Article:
Wireless win: Industry groups working on standard for linking field devices to control networks

With manufacturers showing more interest in deploying wireless field devices, the need for a more robust, standards-based backbone transport link between remote gateways and central control systems and other platforms rises in importance. A new collaborative partnership between ISA and the Fieldbus Foundation will address the issue.

12/01/2008


With manufacturers showing more interest in deploying wireless field devices, the need for a more robust, standards-based backbone transport link between remote gateways and central control systems and other platforms rises in importance. A new collaborative partnership between ISA and the Fieldbus Foundation will address the issue.
“We’ve got lots of need for wireless where field devices are remote from the central control facility, making it inconvenient or impossible to run wires or fiber,” says Herman Storey, senior global solutions consultant for a Fortune 10 oil company. “It’s pretty hard to string wire—not to mention expensive—between an offshore platform and an onshore control center, for example. We’ve had to run communications over WiMAX, Wi-Fi, satellite, and cell phone links to make it happen.”
Though there are proprietary solutions available, there are no open standards in backhaul. “An open standard would lead to better stability and life expectancy, and improved change management,” Storey states.
Storey was instrumental in getting ISA and the Fieldbus Foundation to consider working together to develop an open, wireless backhaul protocol standard. The two groups announced in October they’ll collaborate to develop such, and formed the ISA 100.15 Wireless Backhaul Backbone Working Group, co-lead by Dr. Penny Chen, principal systems architect with Yokogawa , representing ISA; and Dave Glanzer, director of technology development for the Fieldbus Foundation.


An industrial backhaul backbone would link a Fieldbus-enabled network to a centralized control system—and in the case of ISA 100.15, the backhaul link would be wireless.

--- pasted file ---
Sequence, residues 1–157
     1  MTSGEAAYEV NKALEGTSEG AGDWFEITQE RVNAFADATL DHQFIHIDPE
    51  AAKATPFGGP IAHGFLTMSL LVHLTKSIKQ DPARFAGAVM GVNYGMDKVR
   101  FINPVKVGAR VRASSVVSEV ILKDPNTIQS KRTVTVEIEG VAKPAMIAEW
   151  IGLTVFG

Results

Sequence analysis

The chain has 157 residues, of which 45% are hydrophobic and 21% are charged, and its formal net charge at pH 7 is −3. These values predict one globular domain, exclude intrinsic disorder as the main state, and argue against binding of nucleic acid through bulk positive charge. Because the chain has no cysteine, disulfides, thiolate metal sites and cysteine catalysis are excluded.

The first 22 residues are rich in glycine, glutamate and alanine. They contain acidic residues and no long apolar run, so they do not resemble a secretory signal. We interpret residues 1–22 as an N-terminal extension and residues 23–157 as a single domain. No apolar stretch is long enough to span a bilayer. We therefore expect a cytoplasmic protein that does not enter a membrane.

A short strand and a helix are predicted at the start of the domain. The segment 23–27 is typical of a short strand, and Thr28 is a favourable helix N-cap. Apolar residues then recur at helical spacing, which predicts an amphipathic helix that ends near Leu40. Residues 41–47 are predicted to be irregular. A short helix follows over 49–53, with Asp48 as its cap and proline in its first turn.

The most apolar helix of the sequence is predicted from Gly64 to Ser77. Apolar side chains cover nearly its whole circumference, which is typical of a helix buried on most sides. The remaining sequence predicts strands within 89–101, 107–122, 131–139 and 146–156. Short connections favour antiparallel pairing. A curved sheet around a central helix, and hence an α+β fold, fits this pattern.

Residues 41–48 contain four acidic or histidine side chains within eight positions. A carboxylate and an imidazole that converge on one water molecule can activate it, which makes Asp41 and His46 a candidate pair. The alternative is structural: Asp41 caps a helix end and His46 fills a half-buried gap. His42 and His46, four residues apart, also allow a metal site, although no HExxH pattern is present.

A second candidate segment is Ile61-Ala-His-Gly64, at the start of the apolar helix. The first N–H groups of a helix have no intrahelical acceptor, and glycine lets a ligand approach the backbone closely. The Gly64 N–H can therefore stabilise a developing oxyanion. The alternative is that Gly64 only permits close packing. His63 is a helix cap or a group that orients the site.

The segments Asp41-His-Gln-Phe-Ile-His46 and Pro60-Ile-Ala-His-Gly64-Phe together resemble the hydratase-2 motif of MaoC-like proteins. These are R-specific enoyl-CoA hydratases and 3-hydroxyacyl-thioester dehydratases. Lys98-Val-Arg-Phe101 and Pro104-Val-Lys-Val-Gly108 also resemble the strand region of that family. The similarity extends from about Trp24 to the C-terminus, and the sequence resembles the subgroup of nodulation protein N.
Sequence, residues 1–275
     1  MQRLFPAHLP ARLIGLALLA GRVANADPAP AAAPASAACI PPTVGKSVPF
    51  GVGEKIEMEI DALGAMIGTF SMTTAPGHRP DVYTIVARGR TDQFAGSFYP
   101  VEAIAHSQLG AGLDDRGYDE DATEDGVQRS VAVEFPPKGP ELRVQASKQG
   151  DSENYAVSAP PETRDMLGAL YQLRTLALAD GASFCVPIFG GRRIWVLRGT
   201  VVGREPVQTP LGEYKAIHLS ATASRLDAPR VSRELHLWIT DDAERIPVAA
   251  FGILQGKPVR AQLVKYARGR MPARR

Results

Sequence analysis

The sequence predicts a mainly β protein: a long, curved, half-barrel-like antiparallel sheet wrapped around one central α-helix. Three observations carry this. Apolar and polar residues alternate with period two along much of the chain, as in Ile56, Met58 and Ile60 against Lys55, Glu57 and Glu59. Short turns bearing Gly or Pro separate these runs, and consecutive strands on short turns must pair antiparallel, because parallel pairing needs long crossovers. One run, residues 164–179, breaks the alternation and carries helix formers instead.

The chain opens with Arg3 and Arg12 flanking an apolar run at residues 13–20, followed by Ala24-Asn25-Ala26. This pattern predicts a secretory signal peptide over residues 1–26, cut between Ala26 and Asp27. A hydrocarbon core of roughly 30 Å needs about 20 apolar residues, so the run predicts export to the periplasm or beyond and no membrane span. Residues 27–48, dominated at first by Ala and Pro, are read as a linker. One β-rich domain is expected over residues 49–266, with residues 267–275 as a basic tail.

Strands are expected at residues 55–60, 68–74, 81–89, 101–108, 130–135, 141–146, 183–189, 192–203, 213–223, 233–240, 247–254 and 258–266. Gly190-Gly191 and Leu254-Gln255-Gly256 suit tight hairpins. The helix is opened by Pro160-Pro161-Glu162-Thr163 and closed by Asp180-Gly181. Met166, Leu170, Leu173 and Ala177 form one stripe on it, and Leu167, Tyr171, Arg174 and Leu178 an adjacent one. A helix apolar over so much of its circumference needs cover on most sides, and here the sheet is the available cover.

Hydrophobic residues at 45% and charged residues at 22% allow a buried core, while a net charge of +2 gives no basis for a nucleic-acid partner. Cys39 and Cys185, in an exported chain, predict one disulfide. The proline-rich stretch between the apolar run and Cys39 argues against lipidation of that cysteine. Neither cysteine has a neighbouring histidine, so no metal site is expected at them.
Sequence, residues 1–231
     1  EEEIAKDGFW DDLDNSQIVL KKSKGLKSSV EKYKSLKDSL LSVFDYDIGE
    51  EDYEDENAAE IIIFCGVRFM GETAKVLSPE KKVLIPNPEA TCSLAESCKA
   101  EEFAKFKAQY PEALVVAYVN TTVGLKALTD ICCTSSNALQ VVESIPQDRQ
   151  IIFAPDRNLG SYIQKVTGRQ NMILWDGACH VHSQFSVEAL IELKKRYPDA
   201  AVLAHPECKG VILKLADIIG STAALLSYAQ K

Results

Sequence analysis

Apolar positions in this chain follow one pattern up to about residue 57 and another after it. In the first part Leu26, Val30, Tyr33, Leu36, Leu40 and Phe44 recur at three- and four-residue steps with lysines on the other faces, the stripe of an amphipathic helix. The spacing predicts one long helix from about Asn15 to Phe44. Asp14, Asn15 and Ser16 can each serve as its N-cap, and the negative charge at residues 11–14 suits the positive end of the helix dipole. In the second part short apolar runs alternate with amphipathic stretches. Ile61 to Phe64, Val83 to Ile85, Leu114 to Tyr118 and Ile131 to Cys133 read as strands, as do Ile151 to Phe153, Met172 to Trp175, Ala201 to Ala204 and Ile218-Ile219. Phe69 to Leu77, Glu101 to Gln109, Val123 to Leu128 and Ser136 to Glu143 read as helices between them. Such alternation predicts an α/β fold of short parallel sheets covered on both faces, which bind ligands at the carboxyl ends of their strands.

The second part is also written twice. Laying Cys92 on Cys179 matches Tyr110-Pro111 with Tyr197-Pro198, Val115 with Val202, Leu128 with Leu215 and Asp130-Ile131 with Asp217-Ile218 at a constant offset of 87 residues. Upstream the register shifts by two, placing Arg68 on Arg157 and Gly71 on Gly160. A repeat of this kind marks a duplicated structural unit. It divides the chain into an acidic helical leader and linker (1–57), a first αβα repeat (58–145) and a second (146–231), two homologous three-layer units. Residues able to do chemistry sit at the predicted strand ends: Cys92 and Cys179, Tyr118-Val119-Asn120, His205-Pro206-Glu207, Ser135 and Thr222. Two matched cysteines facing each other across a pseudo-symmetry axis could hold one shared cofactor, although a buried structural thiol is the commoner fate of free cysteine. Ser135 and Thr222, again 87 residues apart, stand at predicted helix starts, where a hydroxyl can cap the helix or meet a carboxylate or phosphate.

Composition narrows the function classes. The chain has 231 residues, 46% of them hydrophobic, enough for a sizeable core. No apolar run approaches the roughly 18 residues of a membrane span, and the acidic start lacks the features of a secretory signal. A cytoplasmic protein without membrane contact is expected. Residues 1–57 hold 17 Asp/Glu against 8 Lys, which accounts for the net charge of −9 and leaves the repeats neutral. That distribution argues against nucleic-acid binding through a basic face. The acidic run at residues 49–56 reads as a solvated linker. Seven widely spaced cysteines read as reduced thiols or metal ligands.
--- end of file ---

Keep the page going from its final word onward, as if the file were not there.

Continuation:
The group will focus on defining common network interfaces to enable interoperability between different wireless field networks, including, among others, ISA 100.11a, WirelessHART, ZigBee, RFID, UWB, and 802.11a/b/g/n-based wireless networks on the edge of the enterprise. It also will define prioritization of multiple applications to ensure quality of service—and to address security. The first of these backhauls will employ Fieldbus Foundation’s High Speed Ethernet (HSE) technology. The standard will be embodied within the ISA 100 family of standards; and be jointly owned and co-marketed by both groups.
“We found that the problem doesn’t end in the field,” says Wayne Manges, program manager at the U.S. Department of Energy Oakridge National Laboratory, and chairman of ISA 100. “If the backhaul isn’t secure and reliable, all your effort on the front end is lost.”
End point-to-end point wireless connectivity must address what Manges calls the fab four: throughput, reliance, security, and latency. “If you don’t address all four, you can get into trouble real quick,” he says. ISA 100.11a has garnered much of the attention of late, but “it only focuses on solving the wireless communication problem up to the gateway,” Manges adds.
A backhaul backbone is a major component of hierarchical network communications architecture—one that sits between gateways that link subnetworks arrayed at the edge of the enterprise and centralized core control points. In contrast, Fieldbus is a family of industrial network protocols for real-time distributed control, managing links between PLCs and measurement and control, sensors, actuators, and controllers. An industrial backhaul backbone, then, would link the Fieldbus-enabled network to a centralized control system—and in the case of ISA 100.15, the backhaul link would be wireless.
WirelessHART is supported by Fieldbus; and efforts are under way to have it included in ISA 100.11a.
“We’re presuming that ISA 100.15 will be complementary to what we’re doing,” says Ron Helson, executive director of the HART Foundation.
Manges says the key is to find the appropriate wireless technology and protocols that can provide the quality of service required for industrial backhaul.
But as the consultant Storey points out, “So far, it’s all been done ad hoc. The goal now is to join the expertise of ISA and that of Fieldbus, and get the best of both, where we’ll have interoperability and support and won’t have to do the creation work in-house. That should save us money and may put new capabilities into the field too.”





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